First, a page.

The U.S. economy is moving from recovery into expansion, and could grow 4 percent this year, according to David Kelly, chief market strategist of JP Morgan Funds, who struck an optimistic note as the keynote speaker of the American Bankers Association’s annual Wealth Management and Trust Conference in Miami Beach Sunday.
“It’s not a good economy, but it is getting betting better by the numbers,” Kelly said. Pent-up demand, underscored by plentiful cash on corporate balance sheets, was likely to be a primary driver of growth, he said, followed by the improved financial condition of consumers, who are now spending less of their income to service their debt.
Personal savings rates among U.S. consumers rose to nearly 6 percent in 2009 and 2010, Kelly noted, the highest level in over a decade, while the household debt service ratio (debt payments as a percentage of disposable personal income, seasonally adjusted) dropped to 11.6 percent at the end of 2010, down from a high of 14 percent in the third quarter of 2007.
Wealth managers shouldn’t be concerned about unemployment and inflation, Kelly said. While he conceded that it would take a “long time” to regain all the jobs that had been lost in the recession, Kelly noted that movement in the job market was nonetheless dynamic and that 51 million people were hired for jobs last year. He also pointed out that slow wage growth has helped corporate profits rise and said 2011 may set “an all-time high for corporate earnings.”
On Friday, the U.S. Labor Department reported that the unemployment rate fell to 8.9 percent, the lowest since April 2009.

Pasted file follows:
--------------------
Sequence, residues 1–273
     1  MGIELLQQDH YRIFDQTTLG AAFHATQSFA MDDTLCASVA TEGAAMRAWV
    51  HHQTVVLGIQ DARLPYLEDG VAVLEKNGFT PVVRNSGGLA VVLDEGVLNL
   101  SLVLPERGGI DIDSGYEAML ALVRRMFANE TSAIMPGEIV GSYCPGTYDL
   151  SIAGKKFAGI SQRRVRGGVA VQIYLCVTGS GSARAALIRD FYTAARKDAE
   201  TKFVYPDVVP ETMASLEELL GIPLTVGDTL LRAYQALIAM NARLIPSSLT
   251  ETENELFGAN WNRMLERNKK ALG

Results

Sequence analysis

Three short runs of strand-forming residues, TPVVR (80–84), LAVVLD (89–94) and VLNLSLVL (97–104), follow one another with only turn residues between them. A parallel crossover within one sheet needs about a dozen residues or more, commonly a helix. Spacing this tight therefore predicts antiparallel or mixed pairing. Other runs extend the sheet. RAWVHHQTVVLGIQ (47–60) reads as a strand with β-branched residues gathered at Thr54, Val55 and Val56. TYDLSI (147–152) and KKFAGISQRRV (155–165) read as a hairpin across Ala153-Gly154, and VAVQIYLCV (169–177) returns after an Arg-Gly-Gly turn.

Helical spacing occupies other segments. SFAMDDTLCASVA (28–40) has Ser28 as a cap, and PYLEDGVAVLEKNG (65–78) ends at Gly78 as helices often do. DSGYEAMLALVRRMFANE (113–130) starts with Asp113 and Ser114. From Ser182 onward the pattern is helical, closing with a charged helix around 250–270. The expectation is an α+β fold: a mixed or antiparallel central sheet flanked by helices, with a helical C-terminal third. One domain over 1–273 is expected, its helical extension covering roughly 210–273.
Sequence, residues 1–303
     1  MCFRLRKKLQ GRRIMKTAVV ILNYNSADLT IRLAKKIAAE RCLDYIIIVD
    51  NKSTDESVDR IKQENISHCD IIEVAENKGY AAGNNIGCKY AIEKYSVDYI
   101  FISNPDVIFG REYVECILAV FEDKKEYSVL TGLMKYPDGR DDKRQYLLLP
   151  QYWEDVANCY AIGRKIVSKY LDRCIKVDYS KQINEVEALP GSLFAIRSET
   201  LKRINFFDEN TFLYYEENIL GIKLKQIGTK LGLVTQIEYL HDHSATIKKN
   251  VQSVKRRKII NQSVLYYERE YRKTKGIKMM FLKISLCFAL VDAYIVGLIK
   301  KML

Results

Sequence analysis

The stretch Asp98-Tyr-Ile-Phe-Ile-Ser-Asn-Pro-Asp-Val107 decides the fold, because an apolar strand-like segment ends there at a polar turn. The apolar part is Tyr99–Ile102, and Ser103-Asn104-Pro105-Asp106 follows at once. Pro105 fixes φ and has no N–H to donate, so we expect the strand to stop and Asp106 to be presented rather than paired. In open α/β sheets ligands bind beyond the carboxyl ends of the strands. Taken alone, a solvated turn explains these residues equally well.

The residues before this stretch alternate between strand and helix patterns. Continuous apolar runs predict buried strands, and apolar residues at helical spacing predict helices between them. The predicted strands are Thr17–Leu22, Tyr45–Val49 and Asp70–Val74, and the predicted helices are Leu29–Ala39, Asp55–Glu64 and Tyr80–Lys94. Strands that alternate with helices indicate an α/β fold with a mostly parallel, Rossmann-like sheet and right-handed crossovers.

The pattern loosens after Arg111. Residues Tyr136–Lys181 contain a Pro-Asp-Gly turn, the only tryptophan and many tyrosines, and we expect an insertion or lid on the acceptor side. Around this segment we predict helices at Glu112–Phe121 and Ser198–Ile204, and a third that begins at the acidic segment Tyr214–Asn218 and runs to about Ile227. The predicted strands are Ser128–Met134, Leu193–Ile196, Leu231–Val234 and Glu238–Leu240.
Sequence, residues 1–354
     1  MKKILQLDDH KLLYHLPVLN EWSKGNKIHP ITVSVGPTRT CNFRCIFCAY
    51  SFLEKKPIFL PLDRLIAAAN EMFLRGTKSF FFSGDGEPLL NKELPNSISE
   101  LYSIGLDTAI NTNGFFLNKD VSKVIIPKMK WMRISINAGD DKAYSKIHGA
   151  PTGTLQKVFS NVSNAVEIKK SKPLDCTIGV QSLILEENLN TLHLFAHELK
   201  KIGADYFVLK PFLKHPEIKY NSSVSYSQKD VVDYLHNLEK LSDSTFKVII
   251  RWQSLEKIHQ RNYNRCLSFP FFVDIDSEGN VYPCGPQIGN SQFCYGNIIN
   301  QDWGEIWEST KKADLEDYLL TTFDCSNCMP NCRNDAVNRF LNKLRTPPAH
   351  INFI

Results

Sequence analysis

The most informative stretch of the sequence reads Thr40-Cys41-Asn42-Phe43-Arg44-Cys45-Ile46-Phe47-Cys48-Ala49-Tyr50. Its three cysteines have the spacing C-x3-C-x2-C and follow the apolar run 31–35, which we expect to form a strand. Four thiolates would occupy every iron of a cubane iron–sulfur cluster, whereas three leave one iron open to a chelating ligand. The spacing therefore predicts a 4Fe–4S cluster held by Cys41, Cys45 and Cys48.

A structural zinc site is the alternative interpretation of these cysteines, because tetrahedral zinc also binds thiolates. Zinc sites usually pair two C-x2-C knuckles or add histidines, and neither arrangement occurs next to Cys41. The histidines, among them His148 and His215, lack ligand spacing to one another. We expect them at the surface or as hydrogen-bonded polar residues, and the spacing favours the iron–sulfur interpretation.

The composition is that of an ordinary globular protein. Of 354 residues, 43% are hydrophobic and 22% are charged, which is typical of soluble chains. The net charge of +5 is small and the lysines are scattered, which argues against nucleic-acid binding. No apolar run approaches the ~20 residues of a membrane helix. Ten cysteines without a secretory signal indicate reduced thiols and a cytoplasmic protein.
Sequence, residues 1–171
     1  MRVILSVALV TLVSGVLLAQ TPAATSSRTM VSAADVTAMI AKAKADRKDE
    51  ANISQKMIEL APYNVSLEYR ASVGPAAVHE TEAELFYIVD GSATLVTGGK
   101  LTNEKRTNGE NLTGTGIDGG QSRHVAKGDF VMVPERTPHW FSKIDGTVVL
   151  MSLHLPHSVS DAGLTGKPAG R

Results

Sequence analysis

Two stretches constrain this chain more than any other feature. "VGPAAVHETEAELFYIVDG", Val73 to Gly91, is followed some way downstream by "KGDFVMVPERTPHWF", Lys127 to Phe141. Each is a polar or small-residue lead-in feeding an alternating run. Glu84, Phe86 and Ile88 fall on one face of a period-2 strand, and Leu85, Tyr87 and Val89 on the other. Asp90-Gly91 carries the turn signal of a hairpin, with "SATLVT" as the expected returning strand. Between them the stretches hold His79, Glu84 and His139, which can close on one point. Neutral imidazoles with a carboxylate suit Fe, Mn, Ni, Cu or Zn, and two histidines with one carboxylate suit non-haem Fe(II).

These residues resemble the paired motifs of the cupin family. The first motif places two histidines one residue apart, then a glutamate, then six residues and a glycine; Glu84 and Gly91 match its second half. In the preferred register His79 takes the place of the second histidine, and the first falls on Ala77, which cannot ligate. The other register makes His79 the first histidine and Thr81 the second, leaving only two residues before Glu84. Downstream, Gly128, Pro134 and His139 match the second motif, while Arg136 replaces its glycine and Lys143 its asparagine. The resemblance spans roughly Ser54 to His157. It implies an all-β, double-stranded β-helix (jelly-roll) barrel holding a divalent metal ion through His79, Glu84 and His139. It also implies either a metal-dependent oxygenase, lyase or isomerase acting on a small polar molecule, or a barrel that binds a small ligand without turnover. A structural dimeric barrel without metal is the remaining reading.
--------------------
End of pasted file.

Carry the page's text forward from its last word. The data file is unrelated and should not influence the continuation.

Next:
Inflation Fear Overstated
Fear of inflation is also overstated, Kelly maintained. “Do not worry about inflation getting out of hand,” Kelly said, noting that inflation rates under 2 percent remain “very low.” Kelly was bearish on bonds but bullish on stocks. “I think stocks are basically cheap,” he said. “I feel good about the fundamentals for stocks and think the bull market still has plenty of room to run.”
The possibility of a sovereign debt and oil crisis were the biggest threats to the economy’s recovery, Kelly said. In addition to the high sovereign debt interest rates for Greece, Ireland and Portugal, Kelly said he was also “nervous” about Japan’s structural government deficit. And skyrocketing oil prices resulting from fighting in Libya and possible trouble in Saudi Arabia could potentially plunge the economy into a double-dip recession, Kelly warned.
Wealth managers should diversify their portfolios and make sure to put part of their international portfolio into developed as well as emerging markets, Kelly advised. What’s more, equity correlations and volatility have made this “a good time for active managers,” he asserted. “I see it as a harvest of alpha.”